Author Topic: [concluded]GPL violation  (Read 3556 times)

Offline obarey

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[concluded]GPL violation
« on: April 20, 2010, 01:17:37 AM »
As far as I know, Linux modules count as derived work, even if you write them from scratch. Doesn't that make HTC, Nokia and others big copyright violators?
« Last Edit: April 22, 2010, 01:59:38 AM by obarey »

Offline rmcc

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Re: GPL violation
« Reply #1 on: April 20, 2010, 02:43:41 AM »
As far as I know, Linux modules count as derived work, even if you write them from scratch. Doesn't that make HTC, Nokia and others big copyright violators?

You're wrong, modules can exist with licenses other than the GPL. Other module and subsystem authors are free to block functionality to those modules (by marking themselves as GPLONLY), but the existence of tainted modules is perfectly OK.

Offline obarey

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Re: GPL violation
« Reply #2 on: April 21, 2010, 12:24:17 PM »
Aren't linux modules linked against the kernel, thus making them derived work? I thought that was the main difference between GPL and LGPL. And that's why proprietary desktop drivers like fglrx come with  GPL'd loaders.

Offline rmcc

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Re: GPL violation
« Reply #3 on: April 21, 2010, 03:03:25 PM »
Aren't linux modules linked against the kernel, thus making them derived work? I thought that was the main difference between GPL and LGPL. And that's why proprietary desktop drivers like fglrx come with  GPL'd loaders.

No. Linus has granted a specific exemption for kernel modules, and it's one of the reasons the main kernel will not change licenses to GPL3. Proprietary desktop drivers come with source connection shims, which aren't necessarily GPL (although they usually are, because they use common GPL code). The only reason that part is source is so that people with different distributions and kernel versions can have the driver. If source wasn't distributed, it would be up to the proprietor of the driver (ATI, for instance) to generate the binary kernel modules for each and every kernel variant out there. The alternative to this was DKMS, which never really took off.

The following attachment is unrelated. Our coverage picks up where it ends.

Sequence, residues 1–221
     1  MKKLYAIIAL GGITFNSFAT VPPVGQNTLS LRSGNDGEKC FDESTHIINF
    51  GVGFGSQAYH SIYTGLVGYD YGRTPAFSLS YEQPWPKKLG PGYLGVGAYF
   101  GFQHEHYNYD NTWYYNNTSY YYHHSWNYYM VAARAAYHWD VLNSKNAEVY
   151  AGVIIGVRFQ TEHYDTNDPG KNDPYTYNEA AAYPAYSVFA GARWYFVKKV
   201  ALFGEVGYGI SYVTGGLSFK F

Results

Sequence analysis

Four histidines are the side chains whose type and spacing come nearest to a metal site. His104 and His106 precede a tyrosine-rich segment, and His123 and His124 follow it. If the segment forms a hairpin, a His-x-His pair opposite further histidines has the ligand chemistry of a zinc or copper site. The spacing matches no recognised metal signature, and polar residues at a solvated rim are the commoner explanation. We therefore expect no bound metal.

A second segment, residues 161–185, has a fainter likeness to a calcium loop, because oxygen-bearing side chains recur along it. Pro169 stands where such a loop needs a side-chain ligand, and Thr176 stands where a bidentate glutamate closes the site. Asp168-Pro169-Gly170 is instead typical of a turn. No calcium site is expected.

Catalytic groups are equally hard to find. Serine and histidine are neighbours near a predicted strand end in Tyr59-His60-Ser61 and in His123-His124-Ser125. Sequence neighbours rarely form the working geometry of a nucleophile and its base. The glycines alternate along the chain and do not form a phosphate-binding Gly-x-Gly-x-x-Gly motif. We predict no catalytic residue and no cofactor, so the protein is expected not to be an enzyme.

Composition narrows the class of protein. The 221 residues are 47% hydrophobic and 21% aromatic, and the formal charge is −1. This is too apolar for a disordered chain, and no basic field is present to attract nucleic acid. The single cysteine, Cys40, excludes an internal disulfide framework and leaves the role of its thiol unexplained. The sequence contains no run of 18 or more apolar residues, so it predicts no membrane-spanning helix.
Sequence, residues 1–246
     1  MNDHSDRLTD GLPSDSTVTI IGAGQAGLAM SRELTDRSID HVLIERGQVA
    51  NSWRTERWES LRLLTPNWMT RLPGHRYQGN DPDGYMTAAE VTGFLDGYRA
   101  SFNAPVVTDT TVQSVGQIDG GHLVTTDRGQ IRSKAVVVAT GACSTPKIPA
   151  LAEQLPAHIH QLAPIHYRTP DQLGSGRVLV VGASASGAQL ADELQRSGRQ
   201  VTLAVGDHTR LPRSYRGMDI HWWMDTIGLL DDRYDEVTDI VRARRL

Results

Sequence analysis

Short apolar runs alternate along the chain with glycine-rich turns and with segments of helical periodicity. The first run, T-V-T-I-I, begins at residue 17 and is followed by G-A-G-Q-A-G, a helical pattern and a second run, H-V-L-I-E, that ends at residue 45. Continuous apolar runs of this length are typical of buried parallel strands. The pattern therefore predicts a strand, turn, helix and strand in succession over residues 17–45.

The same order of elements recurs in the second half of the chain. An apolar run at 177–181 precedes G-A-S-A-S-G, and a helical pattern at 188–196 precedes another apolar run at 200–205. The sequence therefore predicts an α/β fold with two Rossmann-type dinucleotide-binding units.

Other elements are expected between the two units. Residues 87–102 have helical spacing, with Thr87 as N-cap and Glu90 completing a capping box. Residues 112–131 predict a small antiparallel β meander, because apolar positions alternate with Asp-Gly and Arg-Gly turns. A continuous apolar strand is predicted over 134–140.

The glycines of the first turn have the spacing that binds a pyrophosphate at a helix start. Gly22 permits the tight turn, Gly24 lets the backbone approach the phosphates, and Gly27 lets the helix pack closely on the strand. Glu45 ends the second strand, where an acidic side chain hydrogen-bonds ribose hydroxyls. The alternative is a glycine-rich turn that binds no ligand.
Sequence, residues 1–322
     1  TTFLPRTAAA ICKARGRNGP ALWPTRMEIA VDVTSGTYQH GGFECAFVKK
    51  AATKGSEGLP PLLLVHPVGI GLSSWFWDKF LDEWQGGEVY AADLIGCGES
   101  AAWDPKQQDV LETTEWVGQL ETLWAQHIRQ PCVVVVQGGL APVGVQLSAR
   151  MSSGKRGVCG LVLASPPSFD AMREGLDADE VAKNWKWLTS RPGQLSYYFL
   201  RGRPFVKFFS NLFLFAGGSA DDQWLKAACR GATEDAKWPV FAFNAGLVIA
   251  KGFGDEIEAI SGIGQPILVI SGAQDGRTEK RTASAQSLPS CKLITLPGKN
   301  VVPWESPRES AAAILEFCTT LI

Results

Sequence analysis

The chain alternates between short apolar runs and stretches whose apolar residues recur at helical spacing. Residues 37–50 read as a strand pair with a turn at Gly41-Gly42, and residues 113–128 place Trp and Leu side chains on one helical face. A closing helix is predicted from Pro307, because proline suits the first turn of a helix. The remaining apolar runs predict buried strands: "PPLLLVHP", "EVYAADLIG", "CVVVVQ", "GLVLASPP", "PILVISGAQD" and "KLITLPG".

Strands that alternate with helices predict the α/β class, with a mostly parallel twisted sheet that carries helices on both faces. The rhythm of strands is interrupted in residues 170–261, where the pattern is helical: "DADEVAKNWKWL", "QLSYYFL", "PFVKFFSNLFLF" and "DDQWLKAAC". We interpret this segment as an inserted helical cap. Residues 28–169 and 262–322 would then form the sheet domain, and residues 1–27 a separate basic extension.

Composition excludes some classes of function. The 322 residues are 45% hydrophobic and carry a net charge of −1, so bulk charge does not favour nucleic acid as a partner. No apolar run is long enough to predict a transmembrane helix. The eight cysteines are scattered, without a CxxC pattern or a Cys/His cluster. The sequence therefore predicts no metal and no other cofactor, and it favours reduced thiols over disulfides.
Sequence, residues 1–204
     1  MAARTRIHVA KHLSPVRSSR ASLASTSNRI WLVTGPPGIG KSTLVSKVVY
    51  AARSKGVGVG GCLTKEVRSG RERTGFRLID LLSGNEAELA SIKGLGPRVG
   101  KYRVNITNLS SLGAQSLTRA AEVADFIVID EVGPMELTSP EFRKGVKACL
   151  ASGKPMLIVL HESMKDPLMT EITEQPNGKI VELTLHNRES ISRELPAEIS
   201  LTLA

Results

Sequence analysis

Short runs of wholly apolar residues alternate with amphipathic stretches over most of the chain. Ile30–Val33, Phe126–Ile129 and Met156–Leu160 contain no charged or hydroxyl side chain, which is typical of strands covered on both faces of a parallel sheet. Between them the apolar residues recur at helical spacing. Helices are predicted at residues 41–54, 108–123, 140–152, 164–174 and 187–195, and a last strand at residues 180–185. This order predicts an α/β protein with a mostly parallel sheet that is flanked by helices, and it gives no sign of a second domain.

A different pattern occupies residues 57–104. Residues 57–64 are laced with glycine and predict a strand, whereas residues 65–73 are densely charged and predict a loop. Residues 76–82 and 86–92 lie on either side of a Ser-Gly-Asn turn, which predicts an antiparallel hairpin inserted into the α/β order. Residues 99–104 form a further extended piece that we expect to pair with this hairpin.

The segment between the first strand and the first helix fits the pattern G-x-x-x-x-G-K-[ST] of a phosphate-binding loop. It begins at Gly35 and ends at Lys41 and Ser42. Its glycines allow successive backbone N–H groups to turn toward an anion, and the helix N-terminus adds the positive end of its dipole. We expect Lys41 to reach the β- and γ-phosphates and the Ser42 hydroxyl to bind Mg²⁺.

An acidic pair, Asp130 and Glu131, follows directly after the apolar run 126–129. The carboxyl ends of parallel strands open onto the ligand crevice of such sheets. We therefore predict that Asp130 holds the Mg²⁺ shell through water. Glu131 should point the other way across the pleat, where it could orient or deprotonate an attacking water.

However, you're missing one thing here: While Nokia, HTC, and even Huawei are in the clear, the GP ONE is in violation of the GPL. Not because of the reason you thought it was (since it doesn't use modules at all), but the opposite: all drivers are being built into the kernel as a single binary; for that setup, there is no exemption: if you build something into the kernel itself, it is becomes part of a GPL'd binary, and must be released as GPL source.

Offline obarey

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Re: GPL violation
« Reply #4 on: April 22, 2010, 01:59:09 AM »
OK, thanks for clearing that up.

zenvoid

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Re: GPL violation
« Reply #5 on: November 02, 2011, 09:58:56 AM »
rmcc: That's not true, you are mistaken. Linus has never granted a specific exemption for kernel modules, the exemption only exists for the system call layer (user land). This is the quote from Linus:

"The module interface has NEVER been documented or meant to be a GPL
  barrier. The COPYING clearly states that the system call layer is such a
  barrier, so if you do your work in user land you're not in any way
  beholden to the GPL. The module interfaces are not system calls: there
  are system calls used to _install_ them, but the actual interfaces are
  not."

In the same message, Linus says that *distributing* a proprietary module would probably not a legal problem: "A vendor who distributes non-GPL modules [...] should feel very confident that they can show in a court of law that the code is not derived."

But note that *loading* the module and *distributing* the module are different things. Loading the module into the kernel is like linking a shared library with a program, and it does not exist an exemption for that. Linus says also:

"There is NOTHING in the kernel license that allows modules to be non-GPL'd." and "If people think they can avoid the GPL by using function pointers, they are WRONG. And they have always been wrong."

Please search the linux kernel mailing list the thread with title "Re: [PATCH] make LSM register functions GPLonly exports", are all those quotations are there and many other interesting information.

It is true and I agree with you that most linux developers usually allow, or at least don't actively fight non-gpl kernel modules, but there are a few exceptions, see for example Harald Welte on gpl-violations.org

« Last Edit: November 02, 2011, 10:00:58 AM by zenvoid »